It all seems to be going wrong for social media giant Facebook.
On the one side, politicians are lining up to trash the company, with Democratic presidential hopeful Elizabeth Warren’s March threat to break Facebook up back in the spotlight.
Meanwhile, Facebook’s hotly-anticipated bitcoin rival libra, which was scheduled for launch some time next year, is beset by troubles–even when a new survey has suggested it could be Facebook’s saving grace.
Warren, who has recently climbed in the polls to challenge other Democrat front runners Joe Biden and Bernie Sanders, yesterday branded Facebook part of a “corrupt system” in response to leaked comments Zuckerberg made in July that he will “go to the mat” to fight Warren’s plans to smash Facebook into pieces.
A big part of Zuckerberg’s attempt to get Facebook back on track and help offset allegations of corruption and privacy and data mismanagement is the libra cryptocurrency project, but that now appears to be unravelling.
Last week, Zuckerberg warned Facebook might not meet the June 2020 launch date for the bitcoin rival, unveiled earlier this year and designed to act as a global currency.
Regulators and leaders around the world have voiced opposition to libra in its current form, with U.S. president Donald Trump unleashing a Twitter tirade against what he sees as challengers to the dominance of the mighty U.S. dollar.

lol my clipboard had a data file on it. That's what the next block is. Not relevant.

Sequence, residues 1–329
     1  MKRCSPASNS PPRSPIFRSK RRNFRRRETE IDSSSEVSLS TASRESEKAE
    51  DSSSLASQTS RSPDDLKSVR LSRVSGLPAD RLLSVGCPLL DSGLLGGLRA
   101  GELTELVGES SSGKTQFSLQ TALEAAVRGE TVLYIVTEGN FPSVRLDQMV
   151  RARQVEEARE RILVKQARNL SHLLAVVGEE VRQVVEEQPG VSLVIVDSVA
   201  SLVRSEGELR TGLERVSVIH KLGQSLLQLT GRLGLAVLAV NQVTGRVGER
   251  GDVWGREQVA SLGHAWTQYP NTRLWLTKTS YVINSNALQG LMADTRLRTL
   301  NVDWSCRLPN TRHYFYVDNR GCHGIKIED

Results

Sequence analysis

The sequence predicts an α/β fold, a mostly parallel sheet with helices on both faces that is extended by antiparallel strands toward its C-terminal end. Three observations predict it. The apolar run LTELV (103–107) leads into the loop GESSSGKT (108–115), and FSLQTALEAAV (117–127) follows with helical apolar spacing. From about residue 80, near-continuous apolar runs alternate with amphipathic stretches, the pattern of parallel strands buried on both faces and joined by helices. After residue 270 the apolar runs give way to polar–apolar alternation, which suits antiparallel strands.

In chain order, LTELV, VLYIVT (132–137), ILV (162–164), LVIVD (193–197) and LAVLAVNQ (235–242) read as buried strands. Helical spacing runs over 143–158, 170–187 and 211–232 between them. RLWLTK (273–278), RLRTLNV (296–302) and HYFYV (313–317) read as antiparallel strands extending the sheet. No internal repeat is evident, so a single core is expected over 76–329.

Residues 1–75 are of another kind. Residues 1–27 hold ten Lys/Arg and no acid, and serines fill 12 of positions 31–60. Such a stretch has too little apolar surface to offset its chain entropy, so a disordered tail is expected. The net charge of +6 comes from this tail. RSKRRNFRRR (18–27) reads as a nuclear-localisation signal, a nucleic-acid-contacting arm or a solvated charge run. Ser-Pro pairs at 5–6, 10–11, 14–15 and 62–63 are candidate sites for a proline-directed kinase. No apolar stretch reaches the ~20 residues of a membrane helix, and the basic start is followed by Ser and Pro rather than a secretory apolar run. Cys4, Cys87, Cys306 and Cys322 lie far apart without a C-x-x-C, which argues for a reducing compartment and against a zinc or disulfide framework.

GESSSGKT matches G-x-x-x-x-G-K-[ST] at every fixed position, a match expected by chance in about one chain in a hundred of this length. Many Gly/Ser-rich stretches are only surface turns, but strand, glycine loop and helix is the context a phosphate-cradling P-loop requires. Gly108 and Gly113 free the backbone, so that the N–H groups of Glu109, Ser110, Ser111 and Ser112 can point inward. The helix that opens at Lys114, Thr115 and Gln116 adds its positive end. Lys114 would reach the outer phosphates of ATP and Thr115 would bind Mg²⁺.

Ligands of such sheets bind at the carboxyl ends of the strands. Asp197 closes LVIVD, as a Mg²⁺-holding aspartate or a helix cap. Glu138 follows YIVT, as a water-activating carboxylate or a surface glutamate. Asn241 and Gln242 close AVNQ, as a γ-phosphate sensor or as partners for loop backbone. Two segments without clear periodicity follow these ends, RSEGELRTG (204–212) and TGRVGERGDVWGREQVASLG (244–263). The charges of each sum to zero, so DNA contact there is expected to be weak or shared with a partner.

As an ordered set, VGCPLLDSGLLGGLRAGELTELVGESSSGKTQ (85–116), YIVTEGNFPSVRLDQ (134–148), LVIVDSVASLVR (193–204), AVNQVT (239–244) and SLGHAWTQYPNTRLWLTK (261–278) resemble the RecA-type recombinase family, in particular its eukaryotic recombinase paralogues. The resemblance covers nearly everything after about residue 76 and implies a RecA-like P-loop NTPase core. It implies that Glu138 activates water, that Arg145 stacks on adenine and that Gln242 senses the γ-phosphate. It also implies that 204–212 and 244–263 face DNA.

Yesterday, it was reported payment giants Visa and Mastercard, among others, are weighing their involvement in Facebook’s libra project–many of whom are vital to its success.
Visa and Mastercard are meant to be part of a group of companies, including the likes of Uber and Vodafone, that Facebook has called the Libra Association, intended to manage the cryptocurrency project.
However, politicians in India, France and Germany remain concerned over the power libra could hand Facebook, although a new survey suggests the public think cryptocurrencies could help make an honest company of Facebook.
Almost half (47%) of people surveyed said they believe that use of cryptocurrencies for online payments abroad will improve their concerns over how Facebook handles privacy, with 25% saying it would not have an effect, and 20% saying it will make their concerns worse.
And those who are more familiar with blockchain and cryptocurrency technology are more hopeful still it will help to improve Facebook’s privacy and data sharing problems, the survey, carried out by comparison website MoneyTransfers, found.
“This tells us that even though Facebook is having trust and privacy issues from users, the use of cryptocurrencies will not impact these concerns even further,” said MoneyTransfers spokesperson Artiom Pucinskij.
“In fact, based on our results, it might improve their current privacy position.”
Earlier this year, a public poll found Facebook’s newly-announced libra was already almost as well known as bitcoin, the world’s biggest cryptocurrency by market value, with researchers finding the project had generated “substantial” public interest.